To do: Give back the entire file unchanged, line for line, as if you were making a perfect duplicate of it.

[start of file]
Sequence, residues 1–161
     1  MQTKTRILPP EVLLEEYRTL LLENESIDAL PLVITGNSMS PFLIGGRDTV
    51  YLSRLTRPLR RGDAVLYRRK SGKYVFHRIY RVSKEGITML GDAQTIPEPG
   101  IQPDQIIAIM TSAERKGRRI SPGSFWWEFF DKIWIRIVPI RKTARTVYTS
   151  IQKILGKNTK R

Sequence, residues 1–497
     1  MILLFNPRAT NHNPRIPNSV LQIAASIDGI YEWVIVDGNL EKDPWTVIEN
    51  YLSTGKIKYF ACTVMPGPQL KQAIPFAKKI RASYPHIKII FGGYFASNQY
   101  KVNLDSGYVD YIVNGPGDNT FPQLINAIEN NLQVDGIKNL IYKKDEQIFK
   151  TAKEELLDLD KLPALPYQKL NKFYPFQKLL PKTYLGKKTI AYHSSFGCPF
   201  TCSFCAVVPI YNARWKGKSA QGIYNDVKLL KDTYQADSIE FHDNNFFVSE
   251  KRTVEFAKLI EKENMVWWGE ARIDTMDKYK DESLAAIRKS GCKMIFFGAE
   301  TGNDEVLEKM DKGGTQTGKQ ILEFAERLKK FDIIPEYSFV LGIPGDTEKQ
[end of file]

Sequence, residues 1–161
     1  MQTKTRILPP EVLLEEYRTL LLENESIDAL PLVITGNSMS PFLIGGRDTV
    51  YLSRLTRPLR RGDAVLYRRK SGKYVFHRIY RVSKEGITML GDAQTIPEPG
   101  IQPDQIIAIM TSAERKGRRI SPGSFWWEFF DKIWIRIVPI RKTARTVYTS
   151  IQKILGKNTK R

Sequence, residues 1–497
     1  MILLFNPRAT NHNPRIPNSV LQIAASIDGI YEWVIVDGNL EKDPWTVIEN
    51  YLSTGKIKYF ACTVMPGPQL KQAIPFAKKI RASYPHIKII FGGYFASNQY
   101  KVNLDSGYVD YIVNGPGDNT FPQLINAIEN NLQVDGIKNL IYKKDEQIFK
   151  TAKEELLDLD KLPALPYQKL NKFYPFQKLL PKTYLGKKTI AYHSSFGCPF
   201  TCSFCAVVPI YNARWKGKSA QGIYNDVKLL KDTYQADSIE FHDNNFFVSE
   251  KRTVEFAKLI EKENMVWWGE ARIDTMDKYK DESLAAIRKS GCKMIFFGAE
   301  TGNDEVLEKM DKGGTQTGKQ ILEFAERLKK FDIIPEYSFV LGIPGDTEKQ